Colossi of Memnon: the huge statues that sang at dawn4 min read
Standing on the west bank of the Nile, opposite today’s Luxor, two huge stone statues with a few disquieting appearance have been observing for millennia the slow flow of the river, with its gaze turned towards the rising sun: they are the Colossi of Memnon.
The twin statues depict the pharaoh Amenhotep III, who reigned in Egypt during the Dynasty XVIII, about 3,400 years ago.
The sovereign is depicted in a seated position, his hands resting on his knees and his gaze facing eastwards towards the river sacred to the Egyptians. Two shorter figures are carved into the front throne alongside his legs: these are his wife Tiye and mother Mutemwiya. The side panels depict the Nile god Hapy.
Including the stone platforms on which they stand, themselves about 4 meters, the colossi reach a high 18 m in height and weigh an estimated 720 tons each.
The statues, at the time of their construction, were placed to guard at the entrance to Amenhotep’s memorial temple (or mortuary temple), a massive sacred construct built during the pharaoh’s lifetime, where he was worshipped as a god-on-earth.
In its day, this temple complex was the largest and most opulent in Egypt, covering a total of 35 hectares so much so that not even later sovereigns like Ramesses II and Ramesses III succeeded to match so much opulence.
Today, unfortunately, besides the Colossi, there is practically nothing left of the temple, because it stood right next to the floodplain of the Nile, which with its annual flooding gradually corroded its foundations. The huge complex was already in a state of decay when the pharaohs still reigned in Egypt, who probably used the stone blocks of the temple for other buildings. Only the two great statues were spared, although they were not in a good state of conservation.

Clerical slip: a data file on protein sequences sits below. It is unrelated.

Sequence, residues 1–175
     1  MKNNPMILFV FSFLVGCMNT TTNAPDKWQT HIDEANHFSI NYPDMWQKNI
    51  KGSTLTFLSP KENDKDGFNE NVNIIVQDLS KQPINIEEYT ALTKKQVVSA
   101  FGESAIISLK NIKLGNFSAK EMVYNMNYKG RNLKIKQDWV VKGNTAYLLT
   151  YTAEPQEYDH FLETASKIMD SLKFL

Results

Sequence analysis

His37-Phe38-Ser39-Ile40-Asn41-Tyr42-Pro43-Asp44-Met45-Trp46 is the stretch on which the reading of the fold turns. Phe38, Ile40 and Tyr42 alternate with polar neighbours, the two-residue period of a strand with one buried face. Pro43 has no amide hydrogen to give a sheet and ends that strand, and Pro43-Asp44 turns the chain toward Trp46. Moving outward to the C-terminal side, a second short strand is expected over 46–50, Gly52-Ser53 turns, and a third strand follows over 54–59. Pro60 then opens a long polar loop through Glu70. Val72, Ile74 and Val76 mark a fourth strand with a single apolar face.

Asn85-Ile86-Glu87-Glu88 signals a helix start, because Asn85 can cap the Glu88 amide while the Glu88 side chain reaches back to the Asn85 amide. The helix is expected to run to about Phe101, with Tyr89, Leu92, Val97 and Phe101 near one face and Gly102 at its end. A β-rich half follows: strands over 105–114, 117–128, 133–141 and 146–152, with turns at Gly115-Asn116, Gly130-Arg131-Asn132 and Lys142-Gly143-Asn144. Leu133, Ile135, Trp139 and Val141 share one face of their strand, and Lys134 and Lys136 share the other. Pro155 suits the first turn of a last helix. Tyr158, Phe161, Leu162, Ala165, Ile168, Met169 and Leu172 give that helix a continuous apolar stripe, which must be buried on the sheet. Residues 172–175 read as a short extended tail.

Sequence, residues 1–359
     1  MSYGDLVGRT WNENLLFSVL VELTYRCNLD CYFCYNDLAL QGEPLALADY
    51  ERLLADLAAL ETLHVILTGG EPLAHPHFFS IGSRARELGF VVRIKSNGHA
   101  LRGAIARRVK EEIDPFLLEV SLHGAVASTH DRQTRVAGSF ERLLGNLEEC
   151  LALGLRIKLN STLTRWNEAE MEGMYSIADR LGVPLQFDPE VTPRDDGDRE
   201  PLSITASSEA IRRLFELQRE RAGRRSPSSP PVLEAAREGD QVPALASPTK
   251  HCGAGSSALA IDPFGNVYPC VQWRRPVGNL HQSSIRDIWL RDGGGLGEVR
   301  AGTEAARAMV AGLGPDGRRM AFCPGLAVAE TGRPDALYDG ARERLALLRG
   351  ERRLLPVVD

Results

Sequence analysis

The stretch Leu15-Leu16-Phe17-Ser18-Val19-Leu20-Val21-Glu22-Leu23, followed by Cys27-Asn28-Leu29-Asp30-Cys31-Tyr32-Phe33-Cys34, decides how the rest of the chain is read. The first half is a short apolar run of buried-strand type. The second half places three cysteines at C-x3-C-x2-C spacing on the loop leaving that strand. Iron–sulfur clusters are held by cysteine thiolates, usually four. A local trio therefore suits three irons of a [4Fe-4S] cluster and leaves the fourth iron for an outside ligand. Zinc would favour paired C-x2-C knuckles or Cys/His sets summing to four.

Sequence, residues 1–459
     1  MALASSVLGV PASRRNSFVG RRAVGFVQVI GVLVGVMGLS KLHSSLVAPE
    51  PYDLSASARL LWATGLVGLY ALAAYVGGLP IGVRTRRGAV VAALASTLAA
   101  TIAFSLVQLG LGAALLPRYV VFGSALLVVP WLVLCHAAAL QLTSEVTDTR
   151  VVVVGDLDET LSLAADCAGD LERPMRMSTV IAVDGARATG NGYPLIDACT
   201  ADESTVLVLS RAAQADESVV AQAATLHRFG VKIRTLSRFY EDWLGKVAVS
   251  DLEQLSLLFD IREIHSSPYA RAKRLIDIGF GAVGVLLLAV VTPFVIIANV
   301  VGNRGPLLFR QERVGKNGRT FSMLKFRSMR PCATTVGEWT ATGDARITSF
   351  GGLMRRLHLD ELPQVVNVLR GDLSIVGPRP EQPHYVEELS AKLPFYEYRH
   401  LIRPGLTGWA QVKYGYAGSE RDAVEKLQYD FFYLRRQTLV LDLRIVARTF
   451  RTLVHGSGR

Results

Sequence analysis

There is a legend linked to one of the statues: it seems that in 27 BC. an earthquake caused the partial destruction of one of the Colossi: the upper part collapsed, while the lower part reported cracks. After the breakup, people began to hear a strange music coming from the lower half of the statue, usually at dawn.
Since ancient times, Greek and Roman travelers went to the place to hear the prodigious music. It was the Greeks who baptized the colossi with the name of Memnon, an Ethiopian king who fought bravely to defend Troy, eventually dying by Achilles. The hero was the son of Eos, the goddess of dawn, who, after her death, wept, every morning, tears of dew.
The sound produced by the statue was interpreted as a greeting from the dead king to his mother.
Probably the phenomenon was caused by the increase in temperature which, by evaporating the dew, produced a sound similar to a music.
Of course, the ancient travelers could not know that the statues represented a pharaoh who had been dead for over three thousand years, and they thought that its were dedicated to the mythical hero. The first reference to the statue that sang was made by the Greek historian and geographer Strabo, who claimed to have heard the music during a trip in 20 BC. Other travelers, such as the Greek Pausanias and the Romans Tacitus and Juvenal, described the phenomenon, so much so that the statue attributed oracular powers.
The fame achieved by the Colossus brought a steady stream of visitors, including several Roman emperors. Even today there are about 90 inscriptions of people who in ancient times had heard the sound emitted by the statue.
The last mention of the song dates back to 196 AD. A short time later, probably around 199, the statue was restored, apparently by order of the emperor Septimius Severus, who wanted to ingratiate himself with the oracle, but the music ceased forever.
Today, a modern road runs along the ruins of the ancient temple, just steps from the statues of Amenhotep III, now only a popular tourist attraction.